Third Quarter 2002 Business & Economic Survey Results

by Bernard Goitein, Director

Center for Business and Economic Research

Fall 2002


In cooperation with the Turner Center for Entrepreneurship, the Center for Business and Economic Research (CBER) has expanded its studies of area consumer confidence to include three surveys of Peoria area consumer confidence in 2002.

The CBER measure of consumer confidence is the Index of Consumer Sentiment (ICS), a measure pioneered by investigators at the Survey Research Center of the University of Michigan. The ICS includes five components associated with present and anticipated financial conditions, short and long term expectations for the economy, and perceptions market conditions for purchases.

The Summary Peoria Metropolitan Statistical Area (MSA) Index reveals the impressive expansion of the local economy through most of the 1990's. A local downturn began during the second half of 2000, eight months before the March 2001 onset of the national recession.

A further local decline was found in the first quarter of 2002. Local business performance has not declined further in 2002, and has stabilized at its first quarter levels.

Detailed description of the third quarter indicators appears to the right. All data have been seasonally adjusted unless otherwise indicated. All discussions of quarter-to-quarter changes, e.g., from the second quarter of 2002 to the third quarter of 2002, involve “seasonally adjusted” changes, i.e., changes that occur above and beyond normal seasonal quarterly growth or decline. Maintenance of this business indicator database is funded by the Peoria Journal Star, and report preparation supported by the Turner Center for Entrepreneurship of Bradley University's Foster College of Business Administration.

Labor Markets: Third quarter employment losses in some sectors (e.g., Manufacturing) were largely off-set by gains in others (e.g., Business and Non-Professional services), so that the number of area residents who were working was little changed at just under 170,000.

New jobs were scarce, with new job opportunities down 13.5% in the third quarter, for the tenth consecutive quarterly decline in the Job Openings Index. With few new jobs, and layoffs up 25.1% from the previous quarter, the number of area residents who were looking for jobs rose to over 9000. This increase in the number of the unemployed pushed the area's unemployment rate up 0.3 percentage points, for a 5.2% rate in the third quarter.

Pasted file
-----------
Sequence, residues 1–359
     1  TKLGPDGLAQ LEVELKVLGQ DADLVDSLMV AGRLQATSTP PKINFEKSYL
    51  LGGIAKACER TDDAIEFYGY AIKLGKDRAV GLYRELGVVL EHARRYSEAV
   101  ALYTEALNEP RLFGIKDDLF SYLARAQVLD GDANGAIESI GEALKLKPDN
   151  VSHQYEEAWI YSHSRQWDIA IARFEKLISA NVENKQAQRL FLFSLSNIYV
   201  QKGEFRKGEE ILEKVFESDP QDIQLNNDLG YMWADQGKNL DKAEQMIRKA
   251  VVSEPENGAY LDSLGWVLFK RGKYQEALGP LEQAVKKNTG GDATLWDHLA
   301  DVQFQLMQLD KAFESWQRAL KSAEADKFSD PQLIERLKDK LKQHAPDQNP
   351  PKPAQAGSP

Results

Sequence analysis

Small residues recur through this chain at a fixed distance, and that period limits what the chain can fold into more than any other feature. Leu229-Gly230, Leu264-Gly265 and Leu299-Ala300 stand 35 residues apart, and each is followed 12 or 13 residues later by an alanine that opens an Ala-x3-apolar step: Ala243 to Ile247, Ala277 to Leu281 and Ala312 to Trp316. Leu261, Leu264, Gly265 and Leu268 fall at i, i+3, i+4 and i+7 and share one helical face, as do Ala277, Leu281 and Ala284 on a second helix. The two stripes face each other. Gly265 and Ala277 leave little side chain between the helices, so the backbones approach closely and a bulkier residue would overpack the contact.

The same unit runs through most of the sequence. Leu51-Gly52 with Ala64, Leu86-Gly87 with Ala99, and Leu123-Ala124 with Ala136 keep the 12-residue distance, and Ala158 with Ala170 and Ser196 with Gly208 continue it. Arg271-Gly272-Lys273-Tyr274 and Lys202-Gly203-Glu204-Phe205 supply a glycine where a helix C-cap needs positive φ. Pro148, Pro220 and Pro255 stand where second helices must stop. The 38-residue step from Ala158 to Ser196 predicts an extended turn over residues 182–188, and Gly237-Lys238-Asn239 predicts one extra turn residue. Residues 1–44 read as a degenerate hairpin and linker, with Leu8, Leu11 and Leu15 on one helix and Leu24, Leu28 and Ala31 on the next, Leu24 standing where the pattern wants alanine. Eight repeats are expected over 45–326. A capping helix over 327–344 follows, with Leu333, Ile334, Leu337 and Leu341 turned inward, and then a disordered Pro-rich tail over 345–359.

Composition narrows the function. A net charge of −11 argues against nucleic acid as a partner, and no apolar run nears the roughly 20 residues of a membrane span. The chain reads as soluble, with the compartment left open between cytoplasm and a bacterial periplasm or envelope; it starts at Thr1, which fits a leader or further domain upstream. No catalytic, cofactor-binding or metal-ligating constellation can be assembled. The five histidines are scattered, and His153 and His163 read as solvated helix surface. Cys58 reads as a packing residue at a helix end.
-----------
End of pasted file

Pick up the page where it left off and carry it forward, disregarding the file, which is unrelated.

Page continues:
Manufacturing: A 0.9% decline in third quarter manufacturing jobs reversed the previous quarter's increase, leaving the 32,618 jobs with area manufacturing firms down 3.3% from the year before. The factory workweek fell 3.3%, to 39.7 hours/week in the third quarter, reversing the increases of the previous two quarters. Equipment sales of major local manufacturer Caterpillar Inc, rose for the second quarter in a row, returning to earlier year levels.

Services: There were no significant third quarter declines in the three private service industry categories studied. Employment rose 1.2% in the Business and Non-Professional Services sector, starting to reverse declines earlier in the year. Employment in the transportation, communication, and utilities sectors fell by less than 0.5% during the third quarter. Third quarter employment in Professional Services (dominated by the medical sector) was stable at 33,476 jobs. The Hospital Revenue Index rose for the second quarter in a row, putting hospital revenue 7.3% above last year.

Real Estate and Construction: The number of homes sold in the third quarter fell for the second quarter in a row, despite declines in mortgage interest rates over the same period. Employment in construction also fell in both the second and third quarters.

After four consecutive quarterly declines, the “Homes Available for Sale” index rose in the third quarter of 2002, increasing the selection of homes for sale, and allowing the average price of homes sold to increase to 6.1%. Also increasing were new Single Family Building Permits, up 12.3% from the previous quarter, and 31.5% above last year.

Retail Trade: Automobile rebates and low interest rate incentives boosted new car and truck sales in the third quarter, putting these sales 42.1% above last year. Employment in retail trade rose slightly (0.6%) in the third quarter, to 31,464. The 2.4% decline in factory worker wages found in the third quarter, however, contributed to a 2.6% decline in the CBER's estimate of third quarter retail sales in the Peoria MSA.

Conclusion: Local business and economic conditions have stabilized at largely favorable levels in 2002, with the third quarter Peoria MSA Summary Index of 105.26, nearly 170,000 area residents working, and a 5.2% unemployment rate.

Looking ahead, three of four leading indicators for the local economy dropped in the third quarter, suggesting that economic growth will be delayed until next year. Third quarter revenues of major area employers are encouraging, with equipment sales of major area manufacturer Caterpillar Inc, and of area hospitals both on the rise. A continued increase in the revenues of area employers should boost local business and employer confidence to levels that allow a lengthened work week, increased hiring, and a renewed economic expansion in 2003. The low interest rate policy of the Federal Reserve System should help sustain any recovery nationally and locally.

Background: Most of the business indicators discussed are seasonally adjusted, and all quarter-to-quarter changes are seasonally adjusted. The CBER relies on the Census X-11 ARIMA (Auto Regressive Integrated Moving Averages) procedure for seasonal adjustment to recalculate these adjustments each year. The seasonal adjustment procedure removes the impact of seasonal components, i.e., the predictable seasonal variations of the data, so that any underlying trend in the data series can be more readily discerned.